In 1997, about $8 million in premiums from the Pacific Business Group on Health alliance are at risk based on measures that include the rates of mammography, pap smear, and prenatal care. New measures, including counseling for smoking cessation and flu vaccines for the elderly, are being added.

In Denver, the Cooperative for Health Insurance Purchasing, which serves an alliance of self-insured employers, similarly places 2% of premiums at risk based on performance standards.1

And in an unprecedented move, PacifiCare top executives agreed in April to place as much as 10% of their annual compensation at risk based on the satisfaction of California Public Employees’ Retirement System members (CalPERS). As the nation’s second-largest individual healthcare purchaser, the CalPERS arrangement could influence other employers to tie HMO executive compensation to patient satisfaction, outcomes experts say.

Impact of bonuses still small

How do financial incentives currently affect physician performance and patient care? That is still unclear.

"For many of these [managed care] companies, it can involve very small amounts of money," says Fred Hellinger, PhD, a senior economist with the Agency for Health Care Policy and Research in Rockville, MD. Hellinger recently reviewed published information on physician incentives.2

"To find out how important [quality] is and to disentangle it from other incentives and characteristics is very difficult," he says.

Managed care incentives vary widely. Aetna US Healthcare in Blue Bell, PA, provides a "quality-factored enhancement" to the base capitation for primary care physicians. The equation includes customer service issues — such as scheduled office hours and available office procedures — and quality measures — such as patient satisfaction, HEDIS scores, and transfer rates to other medical groups. Utilization comprises 18% of the quality factor.3

Woodland Hills, CA-based Health Net devised a bonus system that is based entirely on quality, satisfaction, and customer service measures. (For more information on the Health Net Quality of Care Improvement Program, see related story, p. 64.)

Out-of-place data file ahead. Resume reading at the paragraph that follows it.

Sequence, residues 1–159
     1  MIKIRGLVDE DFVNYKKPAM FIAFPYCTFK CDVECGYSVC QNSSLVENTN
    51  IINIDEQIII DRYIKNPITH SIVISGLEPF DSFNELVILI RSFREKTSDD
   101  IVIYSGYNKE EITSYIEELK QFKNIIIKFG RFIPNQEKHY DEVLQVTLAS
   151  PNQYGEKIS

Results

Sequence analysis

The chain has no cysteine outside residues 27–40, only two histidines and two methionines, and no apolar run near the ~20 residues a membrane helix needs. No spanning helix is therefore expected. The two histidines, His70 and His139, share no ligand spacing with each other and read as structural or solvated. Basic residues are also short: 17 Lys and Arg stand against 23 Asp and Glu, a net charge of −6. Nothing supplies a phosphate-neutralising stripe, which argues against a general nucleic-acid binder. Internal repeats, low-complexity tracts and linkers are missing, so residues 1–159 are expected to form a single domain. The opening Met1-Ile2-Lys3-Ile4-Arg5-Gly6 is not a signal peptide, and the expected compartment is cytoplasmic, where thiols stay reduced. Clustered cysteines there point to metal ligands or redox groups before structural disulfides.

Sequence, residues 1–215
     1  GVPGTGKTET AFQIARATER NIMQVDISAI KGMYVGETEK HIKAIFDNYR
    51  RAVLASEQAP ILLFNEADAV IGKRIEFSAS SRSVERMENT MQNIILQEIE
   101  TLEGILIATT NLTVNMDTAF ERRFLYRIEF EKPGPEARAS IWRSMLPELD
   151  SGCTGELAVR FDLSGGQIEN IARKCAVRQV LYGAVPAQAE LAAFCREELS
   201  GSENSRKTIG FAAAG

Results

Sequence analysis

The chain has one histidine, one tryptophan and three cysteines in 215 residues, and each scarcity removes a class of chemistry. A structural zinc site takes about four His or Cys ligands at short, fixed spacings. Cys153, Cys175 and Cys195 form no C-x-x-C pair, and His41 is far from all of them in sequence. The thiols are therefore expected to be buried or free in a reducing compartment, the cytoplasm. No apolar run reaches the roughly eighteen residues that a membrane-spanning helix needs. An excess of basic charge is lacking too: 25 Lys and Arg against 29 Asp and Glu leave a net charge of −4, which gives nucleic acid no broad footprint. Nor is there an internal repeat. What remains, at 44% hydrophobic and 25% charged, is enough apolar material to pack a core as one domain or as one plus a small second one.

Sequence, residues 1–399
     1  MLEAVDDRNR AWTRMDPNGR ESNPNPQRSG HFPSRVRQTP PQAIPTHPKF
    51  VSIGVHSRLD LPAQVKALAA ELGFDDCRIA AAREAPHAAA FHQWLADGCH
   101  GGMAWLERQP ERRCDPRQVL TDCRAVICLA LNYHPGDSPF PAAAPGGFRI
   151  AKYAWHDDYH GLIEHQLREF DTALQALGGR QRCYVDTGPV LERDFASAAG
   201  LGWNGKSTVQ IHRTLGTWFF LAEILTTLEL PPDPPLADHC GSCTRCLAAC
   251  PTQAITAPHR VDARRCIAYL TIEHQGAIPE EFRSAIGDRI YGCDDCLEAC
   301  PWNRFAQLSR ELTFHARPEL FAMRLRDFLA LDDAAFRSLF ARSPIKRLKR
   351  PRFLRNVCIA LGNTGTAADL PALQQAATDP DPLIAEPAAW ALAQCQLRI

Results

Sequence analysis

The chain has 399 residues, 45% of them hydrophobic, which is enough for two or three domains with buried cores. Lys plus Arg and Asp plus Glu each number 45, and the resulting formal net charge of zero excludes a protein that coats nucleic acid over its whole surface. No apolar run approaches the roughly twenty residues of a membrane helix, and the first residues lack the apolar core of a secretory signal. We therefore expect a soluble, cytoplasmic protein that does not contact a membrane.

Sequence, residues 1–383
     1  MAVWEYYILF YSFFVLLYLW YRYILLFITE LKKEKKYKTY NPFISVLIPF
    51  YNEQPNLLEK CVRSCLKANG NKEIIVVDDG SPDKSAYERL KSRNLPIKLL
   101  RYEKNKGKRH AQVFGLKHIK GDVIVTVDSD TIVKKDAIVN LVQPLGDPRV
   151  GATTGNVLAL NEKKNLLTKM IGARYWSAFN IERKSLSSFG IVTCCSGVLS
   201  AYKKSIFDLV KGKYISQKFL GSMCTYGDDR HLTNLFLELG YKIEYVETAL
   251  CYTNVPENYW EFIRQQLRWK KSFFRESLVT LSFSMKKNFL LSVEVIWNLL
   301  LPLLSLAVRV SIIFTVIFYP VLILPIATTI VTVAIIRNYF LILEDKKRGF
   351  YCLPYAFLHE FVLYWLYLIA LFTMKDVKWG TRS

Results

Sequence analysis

In either case, the goal is to influence the way physicians provide care. "We want to make sure that we are providing access to high quality care to our members, and we have to be able to document that access," says Antonio Legorreta, MD, MPH, vice president for quality initiatives for Foundation Health Systems, the parent company of Health Net, also based in Woodland Hills, CA.

Health Net also has added a data collection component to its quality bonus program for physicians, in hopes of influencing the quality measurement infrastructure of medical groups. Without adequate data collection on the part of physicians, managed care organizations cannot report accurate HEDIS measures to purchasers.

As purchasers increasingly demand performance information, proving your quality becomes a matter of survival, he says. "I would venture to say that health plans and medical groups that do not invest in this type of program may disappear in the future," says Legorreta.


1. Hoy EW, Wicks EK, Forland RA. A guide to facilitating consumer choice. Health Aff 1996; 15:9-29.

2. Hellinger, FJ. The impact of financial incentives on physician behavior in managed care plans: A review of the evidence. Medical Care Research and Review 1996; 53:294-314.

3. Hanchak NA, Schlackman N. The measurement of physician performance. Quality Management in Health Care 1995; 4:1-12.